CH: So the best way to describe what we came up with is, think of a box, right? And now give this box thicker walls and on the inside where all the stuff would go, have that wall honeycombed. In the top of the box because it was we made it so thick, we put slots all the way down through the wall so that you can put granola bars all the way in there. The astronauts could just go, I'm hungry. Give me a granola bar. There you go! You know, you got a granola bar. The box comes together, kind of like a 3-D puzzle, you know, it's got a little slots, and the bottoms of the walls and on the base its got slots and you just put it all together like a LEGO. And it just it comes together, comes apart, and it holds up pretty well. And an astronaut looked at and went, I like it. So I think it's great.

JW: It's pretty terrific that you had an opportunity to show this to actual astronauts. And this was part of a competition where you were creating packaging that may go into a space travel situation. So you had a lot of factors to consider when you are putting together this project. How did what you learn in school help you prepare for that project in that endeavor, Cole?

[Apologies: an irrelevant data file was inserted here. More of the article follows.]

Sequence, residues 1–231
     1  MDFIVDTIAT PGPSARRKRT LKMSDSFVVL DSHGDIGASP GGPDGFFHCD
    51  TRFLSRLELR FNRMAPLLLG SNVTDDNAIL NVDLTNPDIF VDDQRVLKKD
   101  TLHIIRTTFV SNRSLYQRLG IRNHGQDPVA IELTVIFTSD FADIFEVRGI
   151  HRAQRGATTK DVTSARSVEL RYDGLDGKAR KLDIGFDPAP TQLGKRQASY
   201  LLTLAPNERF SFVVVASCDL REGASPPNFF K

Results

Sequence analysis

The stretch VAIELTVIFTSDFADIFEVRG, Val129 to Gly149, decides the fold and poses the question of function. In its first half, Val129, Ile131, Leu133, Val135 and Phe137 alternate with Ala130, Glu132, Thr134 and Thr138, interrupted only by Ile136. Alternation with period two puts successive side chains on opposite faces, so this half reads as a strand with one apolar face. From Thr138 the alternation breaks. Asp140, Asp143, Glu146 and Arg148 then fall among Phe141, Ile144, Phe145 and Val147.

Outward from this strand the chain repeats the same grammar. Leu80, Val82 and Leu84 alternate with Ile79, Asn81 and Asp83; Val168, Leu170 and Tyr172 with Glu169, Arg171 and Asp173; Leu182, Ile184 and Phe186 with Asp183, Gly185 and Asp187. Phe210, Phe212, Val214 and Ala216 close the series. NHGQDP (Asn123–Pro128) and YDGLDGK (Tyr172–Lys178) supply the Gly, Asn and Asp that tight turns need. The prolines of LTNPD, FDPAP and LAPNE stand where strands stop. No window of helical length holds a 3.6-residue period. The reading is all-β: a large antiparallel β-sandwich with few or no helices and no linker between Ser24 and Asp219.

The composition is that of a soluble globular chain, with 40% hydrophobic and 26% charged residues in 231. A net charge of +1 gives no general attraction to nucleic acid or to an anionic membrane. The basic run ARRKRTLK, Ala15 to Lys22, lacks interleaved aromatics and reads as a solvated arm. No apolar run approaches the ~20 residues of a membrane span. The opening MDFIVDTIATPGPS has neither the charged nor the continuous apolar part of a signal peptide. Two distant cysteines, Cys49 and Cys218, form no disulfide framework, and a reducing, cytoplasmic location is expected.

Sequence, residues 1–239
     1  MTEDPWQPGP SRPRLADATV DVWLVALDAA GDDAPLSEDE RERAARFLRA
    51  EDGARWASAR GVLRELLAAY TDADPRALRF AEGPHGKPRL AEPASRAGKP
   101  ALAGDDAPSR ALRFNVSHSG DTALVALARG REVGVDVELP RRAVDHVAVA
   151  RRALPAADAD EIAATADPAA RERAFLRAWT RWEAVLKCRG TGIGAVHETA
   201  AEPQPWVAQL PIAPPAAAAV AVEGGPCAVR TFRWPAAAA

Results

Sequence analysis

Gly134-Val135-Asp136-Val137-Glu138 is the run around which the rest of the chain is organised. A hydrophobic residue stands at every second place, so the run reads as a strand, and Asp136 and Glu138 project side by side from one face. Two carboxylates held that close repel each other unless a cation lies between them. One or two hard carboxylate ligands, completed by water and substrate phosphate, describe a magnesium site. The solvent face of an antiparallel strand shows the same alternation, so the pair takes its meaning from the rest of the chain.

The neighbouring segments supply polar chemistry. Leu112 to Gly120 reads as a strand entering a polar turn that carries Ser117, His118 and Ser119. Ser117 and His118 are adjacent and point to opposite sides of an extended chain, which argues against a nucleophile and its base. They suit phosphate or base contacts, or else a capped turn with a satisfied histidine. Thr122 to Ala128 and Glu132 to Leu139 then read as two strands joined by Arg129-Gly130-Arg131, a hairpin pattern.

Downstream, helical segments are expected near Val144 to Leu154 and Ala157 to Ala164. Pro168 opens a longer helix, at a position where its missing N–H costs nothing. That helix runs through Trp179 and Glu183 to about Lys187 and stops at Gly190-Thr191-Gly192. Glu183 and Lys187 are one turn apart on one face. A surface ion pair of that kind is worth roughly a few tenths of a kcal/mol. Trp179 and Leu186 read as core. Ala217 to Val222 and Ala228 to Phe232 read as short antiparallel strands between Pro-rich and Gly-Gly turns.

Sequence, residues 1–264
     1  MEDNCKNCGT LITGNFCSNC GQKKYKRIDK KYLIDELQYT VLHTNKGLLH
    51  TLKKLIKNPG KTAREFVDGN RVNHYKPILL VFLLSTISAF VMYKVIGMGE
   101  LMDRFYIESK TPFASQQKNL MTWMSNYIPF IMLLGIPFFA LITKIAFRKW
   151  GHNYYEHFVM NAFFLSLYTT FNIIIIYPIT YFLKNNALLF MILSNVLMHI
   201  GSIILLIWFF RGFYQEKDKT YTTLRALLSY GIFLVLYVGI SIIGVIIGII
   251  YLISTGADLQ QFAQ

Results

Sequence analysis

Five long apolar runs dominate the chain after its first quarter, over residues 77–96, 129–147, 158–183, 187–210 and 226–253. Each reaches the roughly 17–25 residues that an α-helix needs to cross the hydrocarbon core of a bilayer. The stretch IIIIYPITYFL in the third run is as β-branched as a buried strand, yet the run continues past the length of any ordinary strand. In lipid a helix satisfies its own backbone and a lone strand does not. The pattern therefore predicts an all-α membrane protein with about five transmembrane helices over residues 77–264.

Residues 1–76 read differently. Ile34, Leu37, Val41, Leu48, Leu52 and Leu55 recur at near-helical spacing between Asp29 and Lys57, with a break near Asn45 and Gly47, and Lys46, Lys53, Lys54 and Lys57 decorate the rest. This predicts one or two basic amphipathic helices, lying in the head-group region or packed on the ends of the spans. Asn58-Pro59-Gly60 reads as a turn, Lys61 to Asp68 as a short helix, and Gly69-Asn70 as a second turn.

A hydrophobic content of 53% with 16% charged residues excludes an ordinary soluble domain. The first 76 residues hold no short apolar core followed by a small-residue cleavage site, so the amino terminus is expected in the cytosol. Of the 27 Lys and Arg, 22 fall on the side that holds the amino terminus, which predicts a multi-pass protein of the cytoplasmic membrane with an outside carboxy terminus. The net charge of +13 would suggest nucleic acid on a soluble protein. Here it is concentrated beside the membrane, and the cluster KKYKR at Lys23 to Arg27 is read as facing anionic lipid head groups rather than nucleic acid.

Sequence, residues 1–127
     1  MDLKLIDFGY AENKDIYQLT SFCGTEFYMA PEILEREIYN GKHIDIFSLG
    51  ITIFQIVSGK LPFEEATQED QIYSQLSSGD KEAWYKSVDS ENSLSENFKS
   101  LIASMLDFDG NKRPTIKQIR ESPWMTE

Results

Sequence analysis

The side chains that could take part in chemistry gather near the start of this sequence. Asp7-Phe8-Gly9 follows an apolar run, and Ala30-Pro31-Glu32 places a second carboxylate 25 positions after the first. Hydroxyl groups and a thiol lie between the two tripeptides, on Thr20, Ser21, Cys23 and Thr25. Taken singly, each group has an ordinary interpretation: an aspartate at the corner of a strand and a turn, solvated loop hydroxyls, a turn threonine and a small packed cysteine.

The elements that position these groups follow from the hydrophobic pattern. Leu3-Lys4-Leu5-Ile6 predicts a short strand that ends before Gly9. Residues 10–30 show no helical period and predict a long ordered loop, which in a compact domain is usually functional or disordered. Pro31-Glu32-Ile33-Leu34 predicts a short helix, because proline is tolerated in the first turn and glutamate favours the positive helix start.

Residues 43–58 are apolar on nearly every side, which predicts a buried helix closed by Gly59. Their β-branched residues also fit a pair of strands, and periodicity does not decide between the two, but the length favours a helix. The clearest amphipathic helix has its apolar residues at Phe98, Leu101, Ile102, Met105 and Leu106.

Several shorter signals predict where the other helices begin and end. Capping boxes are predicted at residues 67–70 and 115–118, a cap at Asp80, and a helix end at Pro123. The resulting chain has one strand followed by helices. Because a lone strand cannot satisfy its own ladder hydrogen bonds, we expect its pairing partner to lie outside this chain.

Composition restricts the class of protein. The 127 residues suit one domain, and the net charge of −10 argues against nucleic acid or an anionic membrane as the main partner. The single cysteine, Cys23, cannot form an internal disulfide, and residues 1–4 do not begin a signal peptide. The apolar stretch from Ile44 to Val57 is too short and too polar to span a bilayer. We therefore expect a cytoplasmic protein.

CH: So, I think from the Launch U program, the number one thing that I got out of it that helped me the most was my knowledge of using SOLIDWORKS. And even though a lot of my classes were here’s a piece of paper and make the part, it's like, because I was doing that, I could see the part I was making. And then I could just go, oh, well, here's what I want to make now. Just do that all but without the piece of paper. And so that's one of the biggest things I learned going through the process of all that for NASA - just making the part.